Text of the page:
Perhaps my recollection of Florence from 12 years ago is a little hazy or I’ve romanticised the beauty of the city in my mind, but it seems a little dirtier than what I remember. Only the facade of the Duomo is clean, the rest is blackened by pollution and the streets look grim and grotty. I have to remind myself that Florence is still a city and the majority of it is older than the Anglo history of Australia so you’ve got to expect a little dirt and grime.
The San Lorenzo markets are famous for cheap leather goods such as bags, belts and jackets, there is also an extensive selection of souvenirs, t-shirts and scarves. The leather jacket I had bought on a previous visit needed replacing, it was outdated and spent all of its time hanging in the back of my wardrobe. I don’t like being hassled or pressured into buying something and wanted to take my time in selecting a jacket, at Michelangelo’s store (not sure of full name) near the markets I found two jackets to my liking and whether they were a great bargain or not, the price was right for me so I bought both. I didn’t buy any handbags, surprisingly leather handbags were cheaper in Venice and I had already purchased a couple.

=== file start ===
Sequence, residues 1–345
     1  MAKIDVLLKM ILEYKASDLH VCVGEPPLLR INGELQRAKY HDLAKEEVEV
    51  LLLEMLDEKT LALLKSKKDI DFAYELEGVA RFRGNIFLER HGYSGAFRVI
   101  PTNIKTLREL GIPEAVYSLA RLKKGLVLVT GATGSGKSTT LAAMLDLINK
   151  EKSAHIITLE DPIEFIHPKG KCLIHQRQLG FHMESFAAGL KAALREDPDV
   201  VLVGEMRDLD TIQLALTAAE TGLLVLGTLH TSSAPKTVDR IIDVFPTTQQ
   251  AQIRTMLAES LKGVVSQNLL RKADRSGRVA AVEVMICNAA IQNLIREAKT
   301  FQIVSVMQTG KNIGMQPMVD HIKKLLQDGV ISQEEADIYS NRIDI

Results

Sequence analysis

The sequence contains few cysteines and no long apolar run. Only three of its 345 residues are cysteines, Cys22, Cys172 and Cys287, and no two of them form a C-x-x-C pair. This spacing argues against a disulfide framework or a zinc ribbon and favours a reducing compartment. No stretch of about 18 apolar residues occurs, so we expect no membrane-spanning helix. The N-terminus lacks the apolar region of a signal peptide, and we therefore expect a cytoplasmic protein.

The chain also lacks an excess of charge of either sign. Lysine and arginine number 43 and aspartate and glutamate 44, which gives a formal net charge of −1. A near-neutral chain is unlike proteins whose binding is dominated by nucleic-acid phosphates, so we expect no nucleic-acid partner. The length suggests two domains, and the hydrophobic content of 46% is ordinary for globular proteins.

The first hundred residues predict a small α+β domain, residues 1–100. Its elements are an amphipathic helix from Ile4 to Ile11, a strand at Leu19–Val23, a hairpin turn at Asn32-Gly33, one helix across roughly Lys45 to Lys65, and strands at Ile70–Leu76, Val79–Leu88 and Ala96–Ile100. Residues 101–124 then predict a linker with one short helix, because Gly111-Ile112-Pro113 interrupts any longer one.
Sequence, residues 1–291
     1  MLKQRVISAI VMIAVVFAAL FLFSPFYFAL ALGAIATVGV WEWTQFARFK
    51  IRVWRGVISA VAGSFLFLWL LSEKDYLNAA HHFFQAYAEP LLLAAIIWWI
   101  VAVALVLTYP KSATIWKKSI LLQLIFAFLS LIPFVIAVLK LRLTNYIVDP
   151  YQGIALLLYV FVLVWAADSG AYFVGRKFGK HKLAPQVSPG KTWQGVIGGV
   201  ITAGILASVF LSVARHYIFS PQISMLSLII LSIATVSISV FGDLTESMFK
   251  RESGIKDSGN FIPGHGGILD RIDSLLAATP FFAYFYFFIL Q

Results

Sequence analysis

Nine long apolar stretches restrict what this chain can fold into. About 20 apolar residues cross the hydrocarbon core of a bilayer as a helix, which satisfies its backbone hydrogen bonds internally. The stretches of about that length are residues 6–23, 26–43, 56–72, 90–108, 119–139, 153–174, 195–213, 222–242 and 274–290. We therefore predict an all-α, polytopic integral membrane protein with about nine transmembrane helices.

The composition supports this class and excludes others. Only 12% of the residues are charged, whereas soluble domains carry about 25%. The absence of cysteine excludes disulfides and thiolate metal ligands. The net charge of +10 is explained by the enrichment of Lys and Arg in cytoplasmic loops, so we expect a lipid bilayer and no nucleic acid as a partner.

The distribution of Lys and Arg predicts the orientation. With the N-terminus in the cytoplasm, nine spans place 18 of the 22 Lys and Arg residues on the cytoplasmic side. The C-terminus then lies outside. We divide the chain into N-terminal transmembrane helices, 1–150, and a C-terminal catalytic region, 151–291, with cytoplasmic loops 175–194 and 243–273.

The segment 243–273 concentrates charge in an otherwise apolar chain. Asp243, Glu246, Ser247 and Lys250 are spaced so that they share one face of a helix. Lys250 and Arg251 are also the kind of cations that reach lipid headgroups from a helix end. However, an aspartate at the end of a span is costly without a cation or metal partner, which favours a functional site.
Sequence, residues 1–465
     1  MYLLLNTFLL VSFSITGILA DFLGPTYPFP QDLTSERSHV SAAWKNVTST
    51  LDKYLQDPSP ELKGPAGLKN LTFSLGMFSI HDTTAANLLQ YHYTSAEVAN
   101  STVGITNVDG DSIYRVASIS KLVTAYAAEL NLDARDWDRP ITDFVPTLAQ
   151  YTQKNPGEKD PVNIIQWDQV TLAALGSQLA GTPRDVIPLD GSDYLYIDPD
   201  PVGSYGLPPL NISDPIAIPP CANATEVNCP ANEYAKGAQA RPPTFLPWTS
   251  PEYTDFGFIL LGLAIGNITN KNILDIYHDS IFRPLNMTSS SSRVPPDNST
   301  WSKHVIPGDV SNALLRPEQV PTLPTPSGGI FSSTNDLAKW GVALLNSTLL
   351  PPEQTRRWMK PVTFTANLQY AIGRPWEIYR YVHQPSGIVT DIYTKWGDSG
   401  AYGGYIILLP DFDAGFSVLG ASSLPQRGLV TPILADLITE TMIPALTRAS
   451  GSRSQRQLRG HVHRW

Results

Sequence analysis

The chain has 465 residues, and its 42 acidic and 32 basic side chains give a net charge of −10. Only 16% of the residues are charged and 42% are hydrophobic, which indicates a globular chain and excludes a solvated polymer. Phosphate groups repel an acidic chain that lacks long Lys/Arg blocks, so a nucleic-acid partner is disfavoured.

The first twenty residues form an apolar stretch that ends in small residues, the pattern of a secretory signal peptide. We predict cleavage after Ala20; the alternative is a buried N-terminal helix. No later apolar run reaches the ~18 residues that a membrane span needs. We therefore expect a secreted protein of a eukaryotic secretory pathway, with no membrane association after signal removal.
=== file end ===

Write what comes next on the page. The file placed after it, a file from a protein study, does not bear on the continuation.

For our first night in Florence we dined at Antica Osteria Napul’e on via Guelfa, just down the road from Hotel Basilea. Very little english spoken and some of the menu items are a mystery to us, yet we were able to order and enjoy tasty pasta, salad and wine. We would soon discover that the ‘insalata mista’ (mixed salad) we ate that night was quite different to the ‘insalata mista’ we would be presented with throughout Italy.